The University of Wisconsin-Madison is “out of reach” for black students, which is why they must be given free tuition and housing and “no fees,” according to a resolution approved by the student government, the Associated Press reports.
It says that “white supremacy” is reinforced by the university considering SAT and ACT stores, and that suburban high school students are overrepresented on campus:
“The university’s rhetoric suggests that it is committed to diversity and inclusion, so this legislation compels the university to move towards action — which is imperative,” the resolution’s author, Tyriek Mack, the association’s student council representative, said in a statement. “If no one challenges the university’s empty promises, then the racial composition will remain stagnant.”
It’s not clear how a nonbinding student resolution “compels” the university to do anything. Indeed, a spokesperson told the AP that the resolution’s methods aren’t necessarily legal, or even the best way to accomplish the student government’s goals. The campus’s proportion of “students of color” has grown to 15 percent from 11 percent in the past decade.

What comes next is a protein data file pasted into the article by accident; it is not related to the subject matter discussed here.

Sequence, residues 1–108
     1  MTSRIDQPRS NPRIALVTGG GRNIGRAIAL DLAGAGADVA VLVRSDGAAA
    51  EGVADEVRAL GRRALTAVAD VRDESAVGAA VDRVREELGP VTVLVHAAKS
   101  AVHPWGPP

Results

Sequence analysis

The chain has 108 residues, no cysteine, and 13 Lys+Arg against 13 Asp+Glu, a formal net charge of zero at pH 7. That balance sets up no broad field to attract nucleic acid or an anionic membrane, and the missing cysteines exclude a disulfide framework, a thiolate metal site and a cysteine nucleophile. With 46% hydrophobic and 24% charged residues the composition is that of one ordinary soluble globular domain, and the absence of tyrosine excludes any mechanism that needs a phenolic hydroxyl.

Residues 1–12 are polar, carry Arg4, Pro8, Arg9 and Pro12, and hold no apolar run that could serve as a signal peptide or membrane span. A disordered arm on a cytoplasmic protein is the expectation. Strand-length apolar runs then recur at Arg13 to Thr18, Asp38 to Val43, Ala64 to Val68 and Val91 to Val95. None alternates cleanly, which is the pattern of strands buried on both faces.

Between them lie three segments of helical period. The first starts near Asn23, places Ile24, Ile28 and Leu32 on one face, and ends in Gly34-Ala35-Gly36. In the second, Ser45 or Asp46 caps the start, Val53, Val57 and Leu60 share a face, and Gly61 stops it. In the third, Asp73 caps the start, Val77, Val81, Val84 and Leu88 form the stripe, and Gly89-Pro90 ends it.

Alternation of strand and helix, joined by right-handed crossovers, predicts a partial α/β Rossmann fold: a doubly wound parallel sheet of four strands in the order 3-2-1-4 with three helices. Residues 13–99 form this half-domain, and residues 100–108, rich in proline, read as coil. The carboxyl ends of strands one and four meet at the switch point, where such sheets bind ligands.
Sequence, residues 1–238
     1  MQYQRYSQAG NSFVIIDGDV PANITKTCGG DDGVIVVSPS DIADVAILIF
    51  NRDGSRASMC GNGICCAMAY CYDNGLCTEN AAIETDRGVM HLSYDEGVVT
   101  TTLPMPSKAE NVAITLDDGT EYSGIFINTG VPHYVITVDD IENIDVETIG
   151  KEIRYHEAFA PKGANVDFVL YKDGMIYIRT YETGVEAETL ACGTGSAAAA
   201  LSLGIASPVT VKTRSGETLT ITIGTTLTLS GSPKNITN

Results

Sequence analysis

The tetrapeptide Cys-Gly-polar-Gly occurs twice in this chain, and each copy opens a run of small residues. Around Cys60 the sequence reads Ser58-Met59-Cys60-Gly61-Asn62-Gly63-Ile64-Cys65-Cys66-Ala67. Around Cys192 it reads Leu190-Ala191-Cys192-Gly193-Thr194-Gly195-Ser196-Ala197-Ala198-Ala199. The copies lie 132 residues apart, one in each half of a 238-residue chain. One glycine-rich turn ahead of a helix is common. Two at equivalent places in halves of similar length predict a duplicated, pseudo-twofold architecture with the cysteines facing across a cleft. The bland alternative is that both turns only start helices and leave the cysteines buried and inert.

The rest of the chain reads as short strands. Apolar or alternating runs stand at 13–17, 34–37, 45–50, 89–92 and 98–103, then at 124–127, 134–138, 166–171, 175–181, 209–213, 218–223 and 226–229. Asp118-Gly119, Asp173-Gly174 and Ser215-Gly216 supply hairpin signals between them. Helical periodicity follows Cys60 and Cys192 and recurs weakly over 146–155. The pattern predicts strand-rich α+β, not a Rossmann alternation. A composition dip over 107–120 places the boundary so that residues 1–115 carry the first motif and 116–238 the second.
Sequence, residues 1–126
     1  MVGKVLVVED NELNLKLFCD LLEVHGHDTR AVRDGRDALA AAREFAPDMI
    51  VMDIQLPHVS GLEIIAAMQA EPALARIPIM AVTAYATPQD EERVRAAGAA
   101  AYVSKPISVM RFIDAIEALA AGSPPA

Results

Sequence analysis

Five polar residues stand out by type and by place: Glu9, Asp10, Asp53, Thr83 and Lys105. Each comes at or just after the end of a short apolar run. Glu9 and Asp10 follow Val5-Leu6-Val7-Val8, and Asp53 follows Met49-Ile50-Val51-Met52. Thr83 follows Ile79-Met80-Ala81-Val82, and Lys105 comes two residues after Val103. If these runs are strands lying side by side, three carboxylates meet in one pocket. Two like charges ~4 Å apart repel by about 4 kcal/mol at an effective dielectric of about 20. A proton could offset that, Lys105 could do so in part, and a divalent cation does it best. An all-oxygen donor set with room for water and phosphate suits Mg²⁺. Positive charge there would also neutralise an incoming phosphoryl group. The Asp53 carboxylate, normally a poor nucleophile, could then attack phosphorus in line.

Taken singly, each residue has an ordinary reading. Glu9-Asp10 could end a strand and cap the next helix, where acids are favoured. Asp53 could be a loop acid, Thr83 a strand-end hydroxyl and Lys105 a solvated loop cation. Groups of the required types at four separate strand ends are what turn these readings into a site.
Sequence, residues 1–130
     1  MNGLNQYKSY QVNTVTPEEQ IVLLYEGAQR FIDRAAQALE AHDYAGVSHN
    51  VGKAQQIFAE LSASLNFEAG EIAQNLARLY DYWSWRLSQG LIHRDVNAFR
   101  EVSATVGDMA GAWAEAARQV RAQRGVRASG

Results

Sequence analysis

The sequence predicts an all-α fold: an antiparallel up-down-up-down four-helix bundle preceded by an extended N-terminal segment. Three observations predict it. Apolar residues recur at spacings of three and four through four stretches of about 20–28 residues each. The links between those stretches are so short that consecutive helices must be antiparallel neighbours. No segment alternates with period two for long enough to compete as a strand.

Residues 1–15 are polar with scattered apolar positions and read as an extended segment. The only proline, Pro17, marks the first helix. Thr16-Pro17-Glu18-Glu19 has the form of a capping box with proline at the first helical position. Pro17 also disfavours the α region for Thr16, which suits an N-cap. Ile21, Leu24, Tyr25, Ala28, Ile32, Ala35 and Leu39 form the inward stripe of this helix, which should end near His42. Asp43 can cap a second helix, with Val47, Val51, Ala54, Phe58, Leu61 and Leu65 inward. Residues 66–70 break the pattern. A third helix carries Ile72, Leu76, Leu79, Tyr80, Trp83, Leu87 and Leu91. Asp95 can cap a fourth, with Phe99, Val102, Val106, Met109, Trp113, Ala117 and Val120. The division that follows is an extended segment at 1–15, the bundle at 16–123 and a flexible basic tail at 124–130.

The resolution also calls for “free access” to the university for former inmates who are black. It asks the university to study “the feasibility of test-optional and geographically weighted admissions.”
In a statement Friday, the administration said the resolution was only the student government’s view:
While we share the students’ goal of increasing the number of underrepresented students on campus, we do not believe the methods that they’re suggesting are either legal or the best approach to accomplishing those goals.
It can’t go “test optional” because a Board of Regents policy requires either SAT or ACT results with applications:
These data points are just one of many factors considered under UW–Madison’s holistic admissions process that seeks to recognize and identify students with a diversity of experiences, leadership capabilities, and academic indicators of success and potential who would succeed at UW–Madison. That approach is consistent with other Big Ten universities and our national peers.
UPDATE: The administration released a statement Friday responding to the approved resolution. The article has been amended with its views.
h/t Jonathan Turley
IMAGE: Daniel M Ernst